Bingo, Baby!  Mind over matter.  (Now if Peach could set her mind to cleaning her room and flex the ‘I can do it’ attitude in the organization department, we’d really have cause to celebrate.)

It’s a bittersweet end to an era.  My baby is growing up.  She is crossing bridges under her own steam.  She’ll need me less now – now that she’s a habit-breaking champion.

I believe the theory that says a parent’s job is to put herself out of a job.  I’m all about teaching self-sufficiency and raising self-esteem.  Yet still, my heart tears a bit each time I surrender a piece of the best job I’ve ever had.  So I turn my advice on myself and flex my own inner strength muscle in order to summon the courage it takes to let my little bird fly a little farther away.

Moving Mountains

The curtain rises on a gorgeous, warm, blue-sky summer day.  Mother Nature is playing her role with expertise and generosity.  And so am I.  This day, I play the role of victim.

The list of grievances is long –  going to work, a general lack of vitality, the chore list……There seems no end to the tiresome slights against my happiness.  Employing my fail-safe tool, gratitude, I expect to feel better any minute now.  But the negative thoughts hold me hostage.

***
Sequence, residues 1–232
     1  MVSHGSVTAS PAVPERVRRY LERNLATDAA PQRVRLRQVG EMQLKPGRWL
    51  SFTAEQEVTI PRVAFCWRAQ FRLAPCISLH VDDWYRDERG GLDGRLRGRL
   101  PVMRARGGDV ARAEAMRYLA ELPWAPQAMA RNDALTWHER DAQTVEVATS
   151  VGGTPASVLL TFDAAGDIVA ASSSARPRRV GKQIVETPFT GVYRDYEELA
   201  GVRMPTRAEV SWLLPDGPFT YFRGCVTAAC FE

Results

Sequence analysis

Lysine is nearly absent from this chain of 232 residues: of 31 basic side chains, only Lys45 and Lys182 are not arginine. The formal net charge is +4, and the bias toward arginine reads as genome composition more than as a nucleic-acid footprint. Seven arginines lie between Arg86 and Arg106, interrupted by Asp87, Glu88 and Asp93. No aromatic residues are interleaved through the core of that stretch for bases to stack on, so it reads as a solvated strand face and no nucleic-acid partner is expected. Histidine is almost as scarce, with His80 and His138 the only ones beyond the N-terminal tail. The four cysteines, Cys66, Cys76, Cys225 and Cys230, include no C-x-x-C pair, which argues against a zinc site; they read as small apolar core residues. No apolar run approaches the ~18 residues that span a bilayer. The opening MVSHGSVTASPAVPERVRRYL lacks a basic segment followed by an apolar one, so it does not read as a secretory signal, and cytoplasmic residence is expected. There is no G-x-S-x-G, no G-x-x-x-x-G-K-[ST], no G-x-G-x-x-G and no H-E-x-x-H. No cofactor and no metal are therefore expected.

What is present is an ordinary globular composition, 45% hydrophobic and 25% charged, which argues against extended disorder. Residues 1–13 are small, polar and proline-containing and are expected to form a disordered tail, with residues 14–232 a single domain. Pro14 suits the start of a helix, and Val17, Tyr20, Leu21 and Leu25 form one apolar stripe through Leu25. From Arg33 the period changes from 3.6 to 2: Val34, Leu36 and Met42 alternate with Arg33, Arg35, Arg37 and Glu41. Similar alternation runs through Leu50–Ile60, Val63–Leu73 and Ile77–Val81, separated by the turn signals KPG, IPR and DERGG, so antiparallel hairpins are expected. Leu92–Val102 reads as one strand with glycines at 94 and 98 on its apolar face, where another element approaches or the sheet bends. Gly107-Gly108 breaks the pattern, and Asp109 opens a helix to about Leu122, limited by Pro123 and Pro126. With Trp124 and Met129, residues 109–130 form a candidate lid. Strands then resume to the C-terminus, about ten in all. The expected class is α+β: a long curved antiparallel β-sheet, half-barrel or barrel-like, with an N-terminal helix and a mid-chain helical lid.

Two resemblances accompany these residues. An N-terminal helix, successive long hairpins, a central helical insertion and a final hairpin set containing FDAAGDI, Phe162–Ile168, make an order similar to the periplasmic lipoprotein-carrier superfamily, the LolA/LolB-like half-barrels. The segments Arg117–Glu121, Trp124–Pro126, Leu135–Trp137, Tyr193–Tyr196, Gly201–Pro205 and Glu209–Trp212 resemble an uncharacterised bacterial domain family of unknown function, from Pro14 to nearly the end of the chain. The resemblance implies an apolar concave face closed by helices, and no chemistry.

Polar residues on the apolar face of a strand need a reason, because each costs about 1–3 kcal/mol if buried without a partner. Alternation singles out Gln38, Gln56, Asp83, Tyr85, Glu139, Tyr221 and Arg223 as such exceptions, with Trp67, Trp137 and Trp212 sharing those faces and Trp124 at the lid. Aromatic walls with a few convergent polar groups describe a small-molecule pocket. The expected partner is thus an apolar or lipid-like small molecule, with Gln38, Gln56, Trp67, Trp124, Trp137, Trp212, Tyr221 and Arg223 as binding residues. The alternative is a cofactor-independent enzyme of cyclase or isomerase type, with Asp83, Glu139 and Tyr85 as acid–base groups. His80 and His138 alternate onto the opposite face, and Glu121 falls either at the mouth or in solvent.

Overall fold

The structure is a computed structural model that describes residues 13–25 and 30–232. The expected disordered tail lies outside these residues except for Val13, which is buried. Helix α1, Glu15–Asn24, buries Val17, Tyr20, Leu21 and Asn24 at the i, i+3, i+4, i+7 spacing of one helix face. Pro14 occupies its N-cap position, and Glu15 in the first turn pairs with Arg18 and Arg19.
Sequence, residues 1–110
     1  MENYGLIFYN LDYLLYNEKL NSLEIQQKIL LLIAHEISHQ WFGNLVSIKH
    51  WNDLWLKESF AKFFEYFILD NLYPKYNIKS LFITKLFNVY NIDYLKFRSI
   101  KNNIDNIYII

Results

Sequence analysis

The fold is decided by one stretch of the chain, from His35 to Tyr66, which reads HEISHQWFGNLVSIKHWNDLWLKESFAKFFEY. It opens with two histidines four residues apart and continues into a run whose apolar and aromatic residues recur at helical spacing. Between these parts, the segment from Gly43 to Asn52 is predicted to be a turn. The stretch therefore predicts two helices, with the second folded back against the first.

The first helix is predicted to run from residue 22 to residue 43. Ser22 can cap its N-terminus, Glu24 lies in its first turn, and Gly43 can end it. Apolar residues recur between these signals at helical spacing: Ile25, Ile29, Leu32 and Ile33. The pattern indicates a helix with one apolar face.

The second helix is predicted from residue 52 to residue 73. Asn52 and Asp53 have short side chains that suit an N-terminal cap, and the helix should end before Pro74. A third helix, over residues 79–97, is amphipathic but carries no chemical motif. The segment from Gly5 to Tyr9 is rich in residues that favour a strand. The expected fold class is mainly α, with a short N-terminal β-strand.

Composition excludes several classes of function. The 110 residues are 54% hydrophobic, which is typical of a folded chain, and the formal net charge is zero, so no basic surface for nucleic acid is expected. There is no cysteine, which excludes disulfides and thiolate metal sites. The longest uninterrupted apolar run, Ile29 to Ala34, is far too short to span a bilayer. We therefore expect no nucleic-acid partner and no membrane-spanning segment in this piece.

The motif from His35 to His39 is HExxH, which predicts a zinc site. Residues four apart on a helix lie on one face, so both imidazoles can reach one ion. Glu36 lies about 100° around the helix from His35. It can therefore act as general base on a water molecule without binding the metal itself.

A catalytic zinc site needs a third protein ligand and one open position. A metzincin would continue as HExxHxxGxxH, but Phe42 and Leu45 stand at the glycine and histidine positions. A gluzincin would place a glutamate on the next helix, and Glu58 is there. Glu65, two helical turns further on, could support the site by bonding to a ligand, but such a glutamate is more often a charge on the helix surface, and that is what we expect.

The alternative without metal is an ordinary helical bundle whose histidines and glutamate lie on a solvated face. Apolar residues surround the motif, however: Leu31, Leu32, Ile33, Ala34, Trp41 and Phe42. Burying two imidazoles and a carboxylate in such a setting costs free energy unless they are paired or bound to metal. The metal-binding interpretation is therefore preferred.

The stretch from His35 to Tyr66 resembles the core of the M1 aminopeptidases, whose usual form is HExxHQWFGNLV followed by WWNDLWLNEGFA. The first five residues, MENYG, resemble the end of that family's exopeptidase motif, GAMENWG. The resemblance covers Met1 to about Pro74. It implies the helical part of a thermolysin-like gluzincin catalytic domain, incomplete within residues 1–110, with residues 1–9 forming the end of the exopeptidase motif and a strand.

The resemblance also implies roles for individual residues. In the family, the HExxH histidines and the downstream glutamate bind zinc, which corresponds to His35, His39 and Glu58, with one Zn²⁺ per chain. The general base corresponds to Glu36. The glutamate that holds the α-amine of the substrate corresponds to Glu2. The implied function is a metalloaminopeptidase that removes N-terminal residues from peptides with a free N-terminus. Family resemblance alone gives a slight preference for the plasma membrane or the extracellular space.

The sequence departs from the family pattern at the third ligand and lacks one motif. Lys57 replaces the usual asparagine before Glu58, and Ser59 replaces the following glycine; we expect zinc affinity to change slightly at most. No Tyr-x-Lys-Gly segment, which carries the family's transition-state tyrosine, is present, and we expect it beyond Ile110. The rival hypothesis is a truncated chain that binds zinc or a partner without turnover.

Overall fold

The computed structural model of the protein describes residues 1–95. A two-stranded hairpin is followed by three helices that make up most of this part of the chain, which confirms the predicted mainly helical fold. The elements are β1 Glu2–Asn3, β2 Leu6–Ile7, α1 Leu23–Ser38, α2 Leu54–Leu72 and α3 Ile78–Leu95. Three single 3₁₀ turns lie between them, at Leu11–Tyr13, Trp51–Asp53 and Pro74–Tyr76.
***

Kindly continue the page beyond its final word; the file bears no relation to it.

When friend calls late in the day, I am all but depleted of energy from dragging my sorry butt through my sorry day.  Friend asks me for help.   A situation has arisen with her parents and I am ‘exactly the person who can help.’  I am honored to try, glad to be needed, and apparently effective in lending perspective.  Instantly, I feel lighter.  Helping others does that to people.

It’s said that you can’t give without receiving.  Intrigued and eager to play with this theory a little more, I set off on a mission.  Like Superman changing into his leotard (yes, it’s a leotard) I transform myself from Deb Dunham to Super Giver.  I hand out compliments, silent blessings, hugs, courtesies – anything I can to everyone I encounter.  It quickly becomes a fun game.

And the give/get theory turns out to be true!  In exchange for my gifts, I receive countless smiles, thank yous, and not surprisingly, a pervasive rise in energy.  I am smitten with the ability to change someone’s day for the better while simultaneously elevating my own.

It occurs to me how infrequently we utilize the tools at our disposal – like service, gratitude, positive thinking, faith, love….We are well equipped to change ourselves, and therefore, the world, for the better.  I’m convinced that a concentrated focus on any or all of these can move mountains.  Like the mountains of hatred and competitiveness and resentment for example.

Mother Teresa said, “We can’t do big things.  We can only do little things with big love.”  Ironically, she was a little person who accomplished big things by giving big love in little ways.  The best part is that we don’t have to set out to move mountains.  In fact, we don’t have to try to change anything.  We just have to give little bits over and over and eventually, a mountain will move.  And we will move with it.